Monday, April 26, 2010
People are always talking about the times that they can vividly remember where they were when it happened. Significant events that shaped the world, moments that signified and let people know, as Bob Dylan would say, "The Times They are A-Changin". Sometimes beautiful and other times ugly, there are definitely moments in my life, that as it was happening, I said to myself, "the world will never be the same". I remember as a young child hearing stories from my parents about times in their lives that changed the world as they or anyone for that matter knew it. I would think to myself, and ask if one day something even close to comparable to the events that my father and mother lived through would happen in my lifetime.
I was born into the age of computers, despite the Internet being a relative baby, there were people who understood even back in 1984 that computers were going to revolutionize the way we live. I am not sure my parents understood it back then, but there were people that were the same age I am now who knew that they were walking into uncharted territory. I have to imagine that my grandparents felt the same way about the idea of people going into Space and eventually to the moon, as the people in the 80's felt about computers and eventually a world wide web. My generation is the generation of space and Internet combined, one could say almost Universal; with computers, we can create here on earth, environments and occurrences that only happen in the vast expanses of space. I think about what my grandparents might have said about going into space, or what my parents said about the possibilities of the Internet, and what my generation will say about what is to come?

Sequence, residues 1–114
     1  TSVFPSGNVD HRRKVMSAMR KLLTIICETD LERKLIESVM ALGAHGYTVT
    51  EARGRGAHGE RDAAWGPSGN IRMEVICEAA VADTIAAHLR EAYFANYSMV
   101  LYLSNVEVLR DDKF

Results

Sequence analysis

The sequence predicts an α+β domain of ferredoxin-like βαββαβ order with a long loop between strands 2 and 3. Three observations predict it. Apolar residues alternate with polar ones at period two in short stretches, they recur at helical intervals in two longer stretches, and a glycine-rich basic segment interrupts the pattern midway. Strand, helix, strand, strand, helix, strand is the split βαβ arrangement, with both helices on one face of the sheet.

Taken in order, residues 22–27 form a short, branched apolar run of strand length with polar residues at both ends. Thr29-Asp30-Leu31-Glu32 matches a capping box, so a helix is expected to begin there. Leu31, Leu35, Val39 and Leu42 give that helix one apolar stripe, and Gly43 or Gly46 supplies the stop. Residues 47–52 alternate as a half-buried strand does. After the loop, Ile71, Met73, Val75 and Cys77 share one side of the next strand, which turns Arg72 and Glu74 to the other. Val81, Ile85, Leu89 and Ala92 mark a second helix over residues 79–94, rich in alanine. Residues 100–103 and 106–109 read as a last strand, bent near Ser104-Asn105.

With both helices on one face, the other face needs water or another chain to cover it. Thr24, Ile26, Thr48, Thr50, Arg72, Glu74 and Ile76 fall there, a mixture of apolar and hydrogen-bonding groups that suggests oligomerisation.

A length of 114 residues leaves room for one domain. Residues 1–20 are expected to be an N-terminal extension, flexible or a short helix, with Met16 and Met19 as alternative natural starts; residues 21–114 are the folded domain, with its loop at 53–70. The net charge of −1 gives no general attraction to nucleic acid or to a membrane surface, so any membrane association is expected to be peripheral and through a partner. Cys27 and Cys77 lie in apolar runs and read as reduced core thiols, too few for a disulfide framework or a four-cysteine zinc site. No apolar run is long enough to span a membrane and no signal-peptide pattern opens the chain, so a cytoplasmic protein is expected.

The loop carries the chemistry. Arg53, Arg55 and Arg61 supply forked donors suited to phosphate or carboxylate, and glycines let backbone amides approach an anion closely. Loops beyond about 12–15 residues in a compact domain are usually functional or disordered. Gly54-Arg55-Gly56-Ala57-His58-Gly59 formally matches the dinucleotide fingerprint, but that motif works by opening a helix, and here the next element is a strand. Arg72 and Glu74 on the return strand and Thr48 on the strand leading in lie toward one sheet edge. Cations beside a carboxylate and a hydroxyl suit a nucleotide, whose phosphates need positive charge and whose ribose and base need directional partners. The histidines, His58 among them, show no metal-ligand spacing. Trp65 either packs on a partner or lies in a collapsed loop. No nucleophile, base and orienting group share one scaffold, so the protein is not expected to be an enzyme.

Just what kind of computer does NASA use to achieve the impossible? The advanced supercomputing facility at the Ames Research Center is the home of NASA's flagship computer they have named Pleiades; Pleiades is an open star cluster containing middle-aged hot B-type stars located in the constellation of Taurus. NASA Pleiades, not a star cluster, it is the sixth fastest giant computer in the world - with a current rating of 973 teraflops - or 973 trillion floating point operations per second. This computer, along with five other similar computers around the world, are bigger and faster than anything ever imagined and they are allowing us to consider possibilities we couldn't have even dreamed of.
Super computers are only getting faster and more efficient allowing the world of science to explore and examine the furthest reaches of space. I look forward to the day when I will look back on an historic monumental event in my lifetime short of terrorist attacks and war. The universe is 99.99 percent unexplored, computers like Pleiades will help us explore and understand much more.